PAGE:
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At the heart of genetics is the foundational principle we refer to as the “Central Dogma,” theorized by Francis Crick in 1958 following his contributions toward the discovery of DNA’s structure. The idea traces the flow of genetic information in our cells -- from DNA to RNA to protein. However, as introduced in our previous “Genetics 101” post, new insight into the DNA has led to the discovery of “non-coding RNAs”, parts of the DNA that turn into RNA, but never into protein. This discovery has fundamentally changed our understanding of biology, and has led to discoveries, like the KRAS-variant.
To reiterate, proteins are not always the ultimate destination. DNA can make RNA molecules that never turn into proteins. This new type of RNA is called “non-coding RNA”, meaning that it does not code for a protein product. Rather, it has the much more important job of controlling how our genes and proteins get expressed, and used.
To better understand the role of microRNAs, think about our cells as construction sites. Proteins are the tools that perform vital functions within our cells, like the hammer or the saw, and they are carefully selected based upon the needs of the project. This is where our microRNAs enter the picture. They are the contractors of the project in our cells, overseeing the whole project of cell survival and cell death. MicroRNAs regulate which protein tools are used and when, as well as how much of each are needed. They manage all of the proteins by physically connecting to part of the script for the protein, in a special landing spot, that is found in a region called the 3 prime untranslated region (3’UTR).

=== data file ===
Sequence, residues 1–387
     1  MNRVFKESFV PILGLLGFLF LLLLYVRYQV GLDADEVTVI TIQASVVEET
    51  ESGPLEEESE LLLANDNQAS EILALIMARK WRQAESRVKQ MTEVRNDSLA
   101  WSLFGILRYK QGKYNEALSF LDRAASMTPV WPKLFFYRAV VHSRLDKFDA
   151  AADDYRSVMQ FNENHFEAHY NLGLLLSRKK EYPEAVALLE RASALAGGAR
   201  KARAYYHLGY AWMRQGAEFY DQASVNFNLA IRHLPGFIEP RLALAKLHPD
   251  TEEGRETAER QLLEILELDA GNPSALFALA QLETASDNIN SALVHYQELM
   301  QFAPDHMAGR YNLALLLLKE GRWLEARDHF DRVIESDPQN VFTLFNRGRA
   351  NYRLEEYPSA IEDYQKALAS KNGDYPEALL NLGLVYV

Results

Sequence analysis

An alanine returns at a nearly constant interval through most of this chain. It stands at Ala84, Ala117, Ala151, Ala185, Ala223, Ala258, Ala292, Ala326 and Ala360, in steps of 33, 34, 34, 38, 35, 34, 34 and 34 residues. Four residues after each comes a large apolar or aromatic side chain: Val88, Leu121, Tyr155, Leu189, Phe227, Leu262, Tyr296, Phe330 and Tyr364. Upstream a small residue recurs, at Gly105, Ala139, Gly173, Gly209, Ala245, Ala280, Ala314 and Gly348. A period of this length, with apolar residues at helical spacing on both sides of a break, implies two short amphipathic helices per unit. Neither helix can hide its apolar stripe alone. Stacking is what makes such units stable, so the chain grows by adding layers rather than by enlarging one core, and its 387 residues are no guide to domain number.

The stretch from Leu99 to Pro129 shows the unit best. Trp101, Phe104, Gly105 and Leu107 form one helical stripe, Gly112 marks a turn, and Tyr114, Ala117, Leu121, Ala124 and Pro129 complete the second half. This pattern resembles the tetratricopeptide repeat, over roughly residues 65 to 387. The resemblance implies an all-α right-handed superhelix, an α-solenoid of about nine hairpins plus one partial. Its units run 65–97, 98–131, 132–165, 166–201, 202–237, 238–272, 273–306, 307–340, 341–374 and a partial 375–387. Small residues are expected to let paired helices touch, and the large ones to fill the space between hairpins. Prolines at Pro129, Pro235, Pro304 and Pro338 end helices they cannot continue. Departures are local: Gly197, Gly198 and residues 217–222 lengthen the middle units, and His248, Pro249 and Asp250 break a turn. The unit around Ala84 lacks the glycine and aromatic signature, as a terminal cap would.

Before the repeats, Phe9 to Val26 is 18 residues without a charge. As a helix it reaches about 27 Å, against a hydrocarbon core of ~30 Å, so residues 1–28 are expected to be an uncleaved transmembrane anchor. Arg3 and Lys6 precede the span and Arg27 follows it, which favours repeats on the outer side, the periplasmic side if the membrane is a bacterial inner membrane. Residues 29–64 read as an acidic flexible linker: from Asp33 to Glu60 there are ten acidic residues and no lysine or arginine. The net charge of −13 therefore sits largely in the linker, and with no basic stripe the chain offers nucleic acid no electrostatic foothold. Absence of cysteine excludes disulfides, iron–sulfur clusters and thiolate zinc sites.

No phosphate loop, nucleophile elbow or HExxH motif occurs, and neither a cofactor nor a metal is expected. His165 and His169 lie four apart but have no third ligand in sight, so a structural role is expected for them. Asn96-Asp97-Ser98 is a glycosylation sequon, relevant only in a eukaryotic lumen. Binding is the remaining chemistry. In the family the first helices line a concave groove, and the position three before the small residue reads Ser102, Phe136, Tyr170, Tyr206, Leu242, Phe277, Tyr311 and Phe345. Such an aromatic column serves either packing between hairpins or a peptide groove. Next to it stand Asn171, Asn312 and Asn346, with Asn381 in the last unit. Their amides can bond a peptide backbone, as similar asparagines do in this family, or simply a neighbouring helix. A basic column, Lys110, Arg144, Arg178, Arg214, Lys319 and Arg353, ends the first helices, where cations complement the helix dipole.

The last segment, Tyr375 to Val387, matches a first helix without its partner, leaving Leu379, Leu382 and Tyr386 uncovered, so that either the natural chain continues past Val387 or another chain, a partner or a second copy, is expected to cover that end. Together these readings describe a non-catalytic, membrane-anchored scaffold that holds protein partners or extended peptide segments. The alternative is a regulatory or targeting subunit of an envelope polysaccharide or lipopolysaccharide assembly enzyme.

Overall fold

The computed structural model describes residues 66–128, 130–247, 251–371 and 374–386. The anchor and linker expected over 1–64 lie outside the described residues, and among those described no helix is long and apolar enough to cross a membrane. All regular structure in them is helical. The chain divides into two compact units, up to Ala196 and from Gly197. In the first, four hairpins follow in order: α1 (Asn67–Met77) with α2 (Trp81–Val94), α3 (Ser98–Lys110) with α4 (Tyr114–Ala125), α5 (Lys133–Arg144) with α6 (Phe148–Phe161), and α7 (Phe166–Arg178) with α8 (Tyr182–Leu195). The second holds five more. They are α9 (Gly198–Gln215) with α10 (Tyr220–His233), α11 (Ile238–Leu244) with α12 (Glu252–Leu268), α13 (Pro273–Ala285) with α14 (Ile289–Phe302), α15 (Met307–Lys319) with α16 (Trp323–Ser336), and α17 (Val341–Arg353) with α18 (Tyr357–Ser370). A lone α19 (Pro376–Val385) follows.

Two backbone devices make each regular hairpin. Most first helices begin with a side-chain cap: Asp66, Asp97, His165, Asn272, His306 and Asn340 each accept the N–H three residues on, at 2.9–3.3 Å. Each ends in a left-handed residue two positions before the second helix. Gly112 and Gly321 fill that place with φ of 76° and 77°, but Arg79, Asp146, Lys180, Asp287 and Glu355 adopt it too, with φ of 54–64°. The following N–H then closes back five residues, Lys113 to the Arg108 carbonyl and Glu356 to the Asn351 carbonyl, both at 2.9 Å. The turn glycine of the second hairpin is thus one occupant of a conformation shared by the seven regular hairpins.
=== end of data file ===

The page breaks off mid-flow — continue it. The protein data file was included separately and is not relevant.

As we have learned more about microRNAs, we now know that they manage much more than single cells, and are used to send signals all over the body, to alert you when there is “danger”, such as an infection, or injury.
The KRAS-variant is the first example of a broken landing spot of an important microRNA, called let-7, with its key protein target, called KRAS. Having the KRAS-variant is like having a contractor ordering the wrong number of hammers, or the wrong type of saw when work needs to be done.
This can greatly impact how people respond to stresses, like cancer therapy, or even life stresses, like estrogen withdrawal.
This explains why individuals with the KRAS-variant are at risk for certain cancers, and also respond differently to certain cancer treatments, with some working great, and some not as well.
The discovery of microRNAs, and our work investigating differences in communication pathways between microRNAs and their targets, or the contractors and tools in the cell, provide the foundation for our research at MiraKind, as we set out to hugely advance our understanding of disease risk, prevention, and treatment.